“Often people simply need someone to hold their hand and simply show them that place"

“With mental health, I’m a big believer in healing yourself by being outdoors,” says Julie Moore.

Thursday, 8th April 2021, 7:00 am
Saima Rehman (centre) with her group from ShipShape at Low Bradfield during the Connecting Steps project

But she has a word of caution for Outdoor Citizens who’ve been enthusiastically exercising in our local parks and countryside since Lockdown 1.“Some people have been shielding and have not left the house for a year,” she says. “Some people have been terrified.

"So I’d say to people, be aware of that, be kind, and smile. Remember that person you’re passing may not have spoken to anyone all week."Julie is a health trainer at northern Sheffield’s SOAR community regeneration charity, and has been introducing Sheffielders who rarely get outside to the remarkable countryside of Sheffield’s ‘Lakeland’ thanks to Sheffield and Rotherham Wildlife Trust’s ‘Connecting Steps’ project.“Visiting in a supportive group helps with people’s anxiety about leaving the house, and when they get to somewhere like Low Bradfield they say they wouldn’t have known it existed. It gives them a new lease of life to get out there and see what’s on their doorstep.”Connecting Steps is part of the Sheffield Lakeland Landscape Partnership project, funded by the Heritage Lottery Fund, and works with community groups to help people visit and learn about the countryside around the 14 reservoirs and dams scattered between Langsett, Strines, More Hall and Redmires.Staff from Sheffield and Rotherham Wildlife Trust (SRWT) take the groups on walks and lead craft and art sessions in the landscape, and help people who’ve often never before visited the lakes of north west Sheffield to learn about the local wildlife and history.Since the summer of 2019, the project has helped community groups from across Sheffield to introduce over 50 people to the lakes, but then Covid 19 arrived and put the project on hold until this year, when SRWT Project Assistant Lucy Watkins hopes new groups will come forward once visits and group activities are permitted again.“Just seeing a flower budding or a bird singing takes away from the sadness and worry of what the news brings, because those things are completely independent of the man-made anxious noisy world we live in,” she says. “People who come out here love the hills and space and wildness, and being able to wander, and often have never realised that opportunity was so close to the city.”Just now, Lucy suggests taking regular photos of how a local green space changes through the spring and posting them to SRWT’s @WildatHeart project social media accounts. She says seeing nature carrying on in front of you taps into something deep within us all that helps diminish the stresses and anxieties many of us have felt over the last year.The project works with local visitor attractions like Our Cow Molly and Stoneface Creative, and promotes how public transport like buses to Bradfield and trams to Malin Bridge can enable visits from all over South Yorkshire. Interested groups can contact Lucy at [email protected] Rehman works as a health trainer for ShipShape in Sharrow and the Israac Somali Community Association, and after visiting Peak District hotspots like Bakewell and the Derwent valley for years with her family admits that places like Agden and High Bradfield were completely new to her.She says the language barrier, lack of knowledge of where to go and how to get there, and simple lack of confidence often prevents people from Sheffield’s BAME communities visiting their local countryside.“Often people simply need someone to hold their hand and simply show them that place.”Thanks to Lucy’s help, Saima was able to help over a dozen women visit their local countryside for the first time, in some cases after living here for over 20 years.“One woman, a single mother whose husband had left her several years ago, came with us to Bradfield, and she was amazed. She said ‘I’ve been living in a flat with three children, I’ve never had the chance to get out and see such a beautiful open place.”“She’d been really struggling with stress and depression, and now she was dancing round the trees.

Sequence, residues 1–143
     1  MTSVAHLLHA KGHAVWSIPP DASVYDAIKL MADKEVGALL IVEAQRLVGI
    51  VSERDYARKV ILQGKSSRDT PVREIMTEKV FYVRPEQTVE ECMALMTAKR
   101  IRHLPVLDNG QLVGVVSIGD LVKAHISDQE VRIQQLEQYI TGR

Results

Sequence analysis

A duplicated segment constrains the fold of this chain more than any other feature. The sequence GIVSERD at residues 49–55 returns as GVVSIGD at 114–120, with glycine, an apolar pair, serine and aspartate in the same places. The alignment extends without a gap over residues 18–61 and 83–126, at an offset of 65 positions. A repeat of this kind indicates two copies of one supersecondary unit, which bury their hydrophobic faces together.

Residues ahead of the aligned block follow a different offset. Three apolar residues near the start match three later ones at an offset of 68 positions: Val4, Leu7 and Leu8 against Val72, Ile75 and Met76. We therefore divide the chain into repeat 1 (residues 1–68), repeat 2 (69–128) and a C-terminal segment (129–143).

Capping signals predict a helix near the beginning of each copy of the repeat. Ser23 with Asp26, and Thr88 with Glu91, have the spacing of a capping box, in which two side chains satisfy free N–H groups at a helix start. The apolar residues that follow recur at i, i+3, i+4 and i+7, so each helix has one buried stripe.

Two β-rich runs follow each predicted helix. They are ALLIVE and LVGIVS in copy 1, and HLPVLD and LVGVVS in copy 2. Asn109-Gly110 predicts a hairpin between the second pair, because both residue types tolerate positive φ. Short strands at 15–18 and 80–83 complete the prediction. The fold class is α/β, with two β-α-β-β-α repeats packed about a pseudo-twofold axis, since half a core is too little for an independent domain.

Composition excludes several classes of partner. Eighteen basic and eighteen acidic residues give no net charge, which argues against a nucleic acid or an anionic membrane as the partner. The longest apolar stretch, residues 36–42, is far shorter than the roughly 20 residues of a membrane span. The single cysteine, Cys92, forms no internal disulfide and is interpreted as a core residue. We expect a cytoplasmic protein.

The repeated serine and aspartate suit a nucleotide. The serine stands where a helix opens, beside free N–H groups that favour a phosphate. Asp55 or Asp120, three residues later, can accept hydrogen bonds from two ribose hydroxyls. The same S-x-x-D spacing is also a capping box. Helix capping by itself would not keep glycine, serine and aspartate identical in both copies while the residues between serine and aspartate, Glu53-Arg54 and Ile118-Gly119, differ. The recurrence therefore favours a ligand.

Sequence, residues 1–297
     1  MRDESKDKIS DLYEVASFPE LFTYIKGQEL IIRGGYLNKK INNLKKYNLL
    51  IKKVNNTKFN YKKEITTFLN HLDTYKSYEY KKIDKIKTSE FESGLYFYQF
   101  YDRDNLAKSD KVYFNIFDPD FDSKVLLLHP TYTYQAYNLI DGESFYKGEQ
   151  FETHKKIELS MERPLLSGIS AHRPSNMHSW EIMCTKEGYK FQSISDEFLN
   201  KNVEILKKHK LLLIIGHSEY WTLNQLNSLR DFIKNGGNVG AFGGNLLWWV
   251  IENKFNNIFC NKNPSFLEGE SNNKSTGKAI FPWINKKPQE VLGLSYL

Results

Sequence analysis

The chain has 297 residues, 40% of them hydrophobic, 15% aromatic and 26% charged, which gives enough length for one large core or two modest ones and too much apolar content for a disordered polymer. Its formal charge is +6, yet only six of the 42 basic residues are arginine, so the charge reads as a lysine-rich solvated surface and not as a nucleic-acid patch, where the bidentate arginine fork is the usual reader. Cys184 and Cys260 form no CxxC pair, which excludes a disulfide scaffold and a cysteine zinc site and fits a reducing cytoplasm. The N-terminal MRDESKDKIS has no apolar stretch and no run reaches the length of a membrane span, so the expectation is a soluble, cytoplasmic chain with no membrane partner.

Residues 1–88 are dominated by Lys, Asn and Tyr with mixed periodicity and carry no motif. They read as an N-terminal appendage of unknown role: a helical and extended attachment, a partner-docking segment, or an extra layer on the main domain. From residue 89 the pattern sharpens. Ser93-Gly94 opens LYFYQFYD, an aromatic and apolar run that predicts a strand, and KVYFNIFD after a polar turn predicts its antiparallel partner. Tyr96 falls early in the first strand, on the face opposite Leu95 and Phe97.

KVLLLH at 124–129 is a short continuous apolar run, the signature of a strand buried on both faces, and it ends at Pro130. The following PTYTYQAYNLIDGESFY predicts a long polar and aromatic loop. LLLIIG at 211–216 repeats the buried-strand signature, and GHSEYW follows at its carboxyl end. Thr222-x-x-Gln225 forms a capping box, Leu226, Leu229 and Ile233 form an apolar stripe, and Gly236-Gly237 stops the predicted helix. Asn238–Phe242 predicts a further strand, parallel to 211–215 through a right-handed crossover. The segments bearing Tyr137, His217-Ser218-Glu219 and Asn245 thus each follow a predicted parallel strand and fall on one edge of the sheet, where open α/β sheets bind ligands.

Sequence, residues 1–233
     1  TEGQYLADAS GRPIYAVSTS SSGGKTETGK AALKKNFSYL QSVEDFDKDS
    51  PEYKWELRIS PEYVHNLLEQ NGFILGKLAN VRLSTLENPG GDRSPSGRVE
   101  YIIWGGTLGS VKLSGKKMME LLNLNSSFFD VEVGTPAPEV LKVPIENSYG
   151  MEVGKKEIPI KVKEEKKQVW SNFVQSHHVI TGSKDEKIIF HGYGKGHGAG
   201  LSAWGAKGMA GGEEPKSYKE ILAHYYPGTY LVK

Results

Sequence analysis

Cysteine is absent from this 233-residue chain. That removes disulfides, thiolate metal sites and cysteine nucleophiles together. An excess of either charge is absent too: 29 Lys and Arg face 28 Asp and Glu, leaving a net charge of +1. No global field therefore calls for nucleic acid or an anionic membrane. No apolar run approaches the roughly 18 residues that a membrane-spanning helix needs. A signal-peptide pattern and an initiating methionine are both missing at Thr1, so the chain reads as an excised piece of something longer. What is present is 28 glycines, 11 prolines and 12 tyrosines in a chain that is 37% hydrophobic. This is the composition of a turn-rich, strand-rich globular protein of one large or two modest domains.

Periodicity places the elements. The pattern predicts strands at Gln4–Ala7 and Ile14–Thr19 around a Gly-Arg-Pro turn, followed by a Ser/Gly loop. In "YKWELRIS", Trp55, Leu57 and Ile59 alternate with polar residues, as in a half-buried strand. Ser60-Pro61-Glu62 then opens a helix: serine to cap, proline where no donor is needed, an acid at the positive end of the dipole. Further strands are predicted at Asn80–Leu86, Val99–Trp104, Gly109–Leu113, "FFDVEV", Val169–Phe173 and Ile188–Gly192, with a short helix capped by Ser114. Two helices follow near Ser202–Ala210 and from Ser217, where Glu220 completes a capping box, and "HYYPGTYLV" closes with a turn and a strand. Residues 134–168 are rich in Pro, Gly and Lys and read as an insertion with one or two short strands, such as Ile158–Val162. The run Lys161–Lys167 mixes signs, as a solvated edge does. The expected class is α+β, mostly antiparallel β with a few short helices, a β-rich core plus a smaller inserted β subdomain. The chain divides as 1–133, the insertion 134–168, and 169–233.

"It was such fun to see!”For more visit https://linktr.ee/wildwellbeing.

Group from ShipShape at Damflask Reservoir during the Connecting Steps project
Group from ShipShape in the Rivelin Valley
Mushrooms at a Connecting Steps walk at Agden Reservoir
Sheffield ME/Fibromyalgia Group Connecting Steps trip to Low Bradfield